Southern District Extends Effort to Settle NYPD Cases
With some changes, the Southern District of New York has extended a pilot program designed to encourage the settlement of federal civil rights actions against the New York City Police Department.
The Pilot Plan for Certain §1983 Cases Against the City of New York was launched in June 2011, and effective Jan. 2 was extended for another calendar year. Meanwhile, the court has started the process to incorporate it into the district's Local Rules.
Judges and court officials have touted the plan, which focuses on cases alleging excessive force, false arrest or malicious prosecution, as a way to cut through the 1,500 to 1,600 pending police misconduct cases being defended by the city's Law Department.
The plan extends the city's obligation to answer a complaint to 80 days from the usual 21 days and postpones most discovery until after the parties have appeared before a magistrate judge to begin settlement talks or ask to be exempt. If neither occur, the parties go straight into mediation.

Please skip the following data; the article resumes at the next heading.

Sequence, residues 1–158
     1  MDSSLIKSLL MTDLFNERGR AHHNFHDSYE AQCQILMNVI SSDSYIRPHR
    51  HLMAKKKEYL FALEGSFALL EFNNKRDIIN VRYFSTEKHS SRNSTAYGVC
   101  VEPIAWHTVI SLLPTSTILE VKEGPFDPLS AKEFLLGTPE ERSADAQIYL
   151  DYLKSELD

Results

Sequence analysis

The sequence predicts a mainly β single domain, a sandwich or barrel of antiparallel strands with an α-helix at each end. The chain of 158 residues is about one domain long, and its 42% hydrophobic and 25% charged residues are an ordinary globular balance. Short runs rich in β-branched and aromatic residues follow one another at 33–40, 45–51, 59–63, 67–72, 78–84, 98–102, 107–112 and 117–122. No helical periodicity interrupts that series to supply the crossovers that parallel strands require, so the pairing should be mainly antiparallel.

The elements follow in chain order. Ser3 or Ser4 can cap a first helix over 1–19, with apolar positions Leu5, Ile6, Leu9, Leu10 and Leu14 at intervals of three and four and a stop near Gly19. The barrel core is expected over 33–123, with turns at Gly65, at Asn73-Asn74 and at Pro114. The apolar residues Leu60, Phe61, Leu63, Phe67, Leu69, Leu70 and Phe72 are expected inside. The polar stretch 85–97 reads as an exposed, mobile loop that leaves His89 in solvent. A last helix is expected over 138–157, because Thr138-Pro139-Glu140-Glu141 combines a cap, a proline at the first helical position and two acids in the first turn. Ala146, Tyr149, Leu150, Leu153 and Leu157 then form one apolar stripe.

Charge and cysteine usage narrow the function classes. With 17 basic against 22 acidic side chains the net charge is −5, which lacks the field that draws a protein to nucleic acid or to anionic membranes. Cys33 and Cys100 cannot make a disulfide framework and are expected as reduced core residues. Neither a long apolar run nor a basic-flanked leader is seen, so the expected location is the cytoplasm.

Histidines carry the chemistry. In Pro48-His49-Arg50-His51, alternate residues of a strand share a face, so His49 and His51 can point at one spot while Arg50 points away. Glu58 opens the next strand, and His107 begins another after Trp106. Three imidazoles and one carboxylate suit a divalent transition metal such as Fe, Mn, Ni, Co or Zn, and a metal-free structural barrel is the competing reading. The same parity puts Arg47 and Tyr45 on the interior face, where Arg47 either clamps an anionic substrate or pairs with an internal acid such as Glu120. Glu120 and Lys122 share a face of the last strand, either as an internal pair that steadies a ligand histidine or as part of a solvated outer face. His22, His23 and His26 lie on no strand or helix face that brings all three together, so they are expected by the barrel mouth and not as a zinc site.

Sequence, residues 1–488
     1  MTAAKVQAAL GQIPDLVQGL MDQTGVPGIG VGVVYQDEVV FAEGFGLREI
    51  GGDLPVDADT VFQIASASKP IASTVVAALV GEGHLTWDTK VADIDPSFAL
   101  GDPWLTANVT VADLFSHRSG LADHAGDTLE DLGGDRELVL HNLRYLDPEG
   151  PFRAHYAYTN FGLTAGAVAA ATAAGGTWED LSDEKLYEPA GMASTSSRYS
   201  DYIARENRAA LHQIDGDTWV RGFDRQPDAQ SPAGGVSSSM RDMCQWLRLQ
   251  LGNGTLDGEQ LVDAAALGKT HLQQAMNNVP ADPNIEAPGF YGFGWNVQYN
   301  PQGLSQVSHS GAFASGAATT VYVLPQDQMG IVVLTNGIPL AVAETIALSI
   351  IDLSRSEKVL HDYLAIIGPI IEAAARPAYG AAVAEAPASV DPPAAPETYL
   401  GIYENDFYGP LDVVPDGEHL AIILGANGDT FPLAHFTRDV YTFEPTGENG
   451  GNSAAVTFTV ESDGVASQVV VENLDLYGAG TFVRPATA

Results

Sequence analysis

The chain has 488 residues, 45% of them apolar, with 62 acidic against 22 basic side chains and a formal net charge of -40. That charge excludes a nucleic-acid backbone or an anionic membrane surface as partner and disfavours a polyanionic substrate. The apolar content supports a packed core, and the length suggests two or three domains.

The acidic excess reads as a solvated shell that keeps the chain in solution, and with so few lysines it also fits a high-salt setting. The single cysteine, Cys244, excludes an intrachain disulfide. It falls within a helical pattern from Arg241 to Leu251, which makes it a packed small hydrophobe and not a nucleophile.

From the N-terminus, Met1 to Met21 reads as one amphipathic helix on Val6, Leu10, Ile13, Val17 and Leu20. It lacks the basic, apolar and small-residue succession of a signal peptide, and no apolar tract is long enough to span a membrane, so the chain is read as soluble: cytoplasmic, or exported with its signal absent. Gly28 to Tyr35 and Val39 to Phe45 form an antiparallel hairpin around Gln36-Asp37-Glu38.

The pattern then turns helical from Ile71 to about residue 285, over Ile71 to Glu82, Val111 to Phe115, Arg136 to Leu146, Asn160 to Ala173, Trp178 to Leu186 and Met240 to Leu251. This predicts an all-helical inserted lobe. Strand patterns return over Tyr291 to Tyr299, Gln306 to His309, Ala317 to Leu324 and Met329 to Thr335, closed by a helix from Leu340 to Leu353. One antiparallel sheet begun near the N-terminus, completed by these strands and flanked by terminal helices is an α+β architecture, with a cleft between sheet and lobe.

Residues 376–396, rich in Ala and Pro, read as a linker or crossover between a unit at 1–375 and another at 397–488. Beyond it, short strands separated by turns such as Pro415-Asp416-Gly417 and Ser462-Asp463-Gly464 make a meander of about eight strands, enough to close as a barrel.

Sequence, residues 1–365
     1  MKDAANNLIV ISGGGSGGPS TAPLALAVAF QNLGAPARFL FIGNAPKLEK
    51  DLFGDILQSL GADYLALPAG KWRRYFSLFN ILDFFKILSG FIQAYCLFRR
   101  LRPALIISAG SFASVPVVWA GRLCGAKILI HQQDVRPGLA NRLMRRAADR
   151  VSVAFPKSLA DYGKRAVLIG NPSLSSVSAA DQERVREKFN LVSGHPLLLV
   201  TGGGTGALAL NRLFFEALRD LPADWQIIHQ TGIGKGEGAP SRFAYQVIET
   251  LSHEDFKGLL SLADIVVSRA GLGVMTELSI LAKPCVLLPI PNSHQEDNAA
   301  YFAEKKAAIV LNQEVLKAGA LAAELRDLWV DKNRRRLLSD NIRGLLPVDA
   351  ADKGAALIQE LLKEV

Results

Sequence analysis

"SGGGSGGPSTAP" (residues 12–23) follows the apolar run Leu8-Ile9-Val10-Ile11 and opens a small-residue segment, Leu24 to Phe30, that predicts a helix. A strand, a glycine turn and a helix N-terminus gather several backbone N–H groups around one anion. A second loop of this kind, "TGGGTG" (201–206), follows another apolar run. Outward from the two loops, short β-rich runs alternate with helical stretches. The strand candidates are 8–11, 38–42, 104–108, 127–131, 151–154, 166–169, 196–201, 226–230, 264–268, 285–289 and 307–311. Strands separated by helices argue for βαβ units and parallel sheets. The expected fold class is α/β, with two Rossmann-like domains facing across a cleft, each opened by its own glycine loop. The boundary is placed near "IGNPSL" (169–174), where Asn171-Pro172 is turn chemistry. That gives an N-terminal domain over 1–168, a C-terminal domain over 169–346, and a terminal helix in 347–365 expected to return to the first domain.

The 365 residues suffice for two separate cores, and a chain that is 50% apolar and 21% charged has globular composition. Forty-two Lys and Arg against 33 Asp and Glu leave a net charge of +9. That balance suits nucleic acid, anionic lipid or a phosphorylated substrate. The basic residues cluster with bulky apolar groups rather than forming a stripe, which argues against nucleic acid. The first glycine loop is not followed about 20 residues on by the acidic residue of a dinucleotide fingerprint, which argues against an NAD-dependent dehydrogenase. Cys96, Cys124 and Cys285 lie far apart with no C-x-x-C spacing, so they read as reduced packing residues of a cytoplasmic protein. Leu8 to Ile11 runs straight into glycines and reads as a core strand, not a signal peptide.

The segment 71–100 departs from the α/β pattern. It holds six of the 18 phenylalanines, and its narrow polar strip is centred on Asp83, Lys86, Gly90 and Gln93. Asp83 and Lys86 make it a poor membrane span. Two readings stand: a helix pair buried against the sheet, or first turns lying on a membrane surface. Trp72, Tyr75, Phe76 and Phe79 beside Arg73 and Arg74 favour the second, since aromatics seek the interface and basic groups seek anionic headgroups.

Initial disclosures in a case are made within 21 days of the department's answer, with the city having 28 days to turn over any history of disciplinary complaints against the police officer/defendant. Plaintiffs have six weeks after the answer to file a settlement demand the city must respond to in 14 days. Three months after the answer, the parties must appear before a mediator or a magistrate judge for settlement talks at which the Law Department is required to have a lawyer with authority to settle the case present in person or on the phone.
Some civil rights lawyers criticized the plan at a hearing held in June by Judge Paul Crotty, chair of the district's Ad Hoc Subcommittee on Section 1983 Cases (NYLJ, June 13, 2013).
One complaint was about a requirement that plaintiffs must serve a release for medical records with their §1983 complaints, as well as a release for any sealed arrest records and a list of prior arrests.
Some attorneys said the plan lacked parity because an equally timely disclosure was not required for police disciplinary histories. There was also criticism that the mediators were inexperienced in handling police misconduct cases and that the plan alters the Federal Rules of Criminal Procedure while being weighted against plaintiffs.
But Crotty, who served as the city's corporation counsel from 1994 to 1997 and is well-versed in civil rights litigation against the city, defended the plan as a way of helping the court relieve a crowded docket and speed resolution of cases that can languish for years.